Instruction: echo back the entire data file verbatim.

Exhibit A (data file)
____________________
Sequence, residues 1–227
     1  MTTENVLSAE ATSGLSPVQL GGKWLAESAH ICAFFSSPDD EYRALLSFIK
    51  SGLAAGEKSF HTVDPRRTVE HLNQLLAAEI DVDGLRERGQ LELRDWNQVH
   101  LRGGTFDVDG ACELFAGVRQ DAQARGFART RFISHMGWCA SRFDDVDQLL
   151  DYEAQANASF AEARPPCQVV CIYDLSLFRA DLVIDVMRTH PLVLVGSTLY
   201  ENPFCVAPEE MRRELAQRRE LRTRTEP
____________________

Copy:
Sequence, residues 1–227
     1  MTTENVLSAE ATSGLSPVQL GGKWLAESAH ICAFFSSPDD EYRALLSFIK
    51  SGLAAGEKSF HTVDPRRTVE HLNQLLAAEI DVDGLRERGQ LELRDWNQVH
   101  LRGGTFDVDG ACELFAGVRQ DAQARGFART RFISHMGWCA SRFDDVDQLL
   151  DYEAQANASF AEARPPCQVV CIYDLSLFRA DLVIDVMRTH PLVLVGSTLY
   201  ENPFCVAPEE MRRELAQRRE LRTRTEP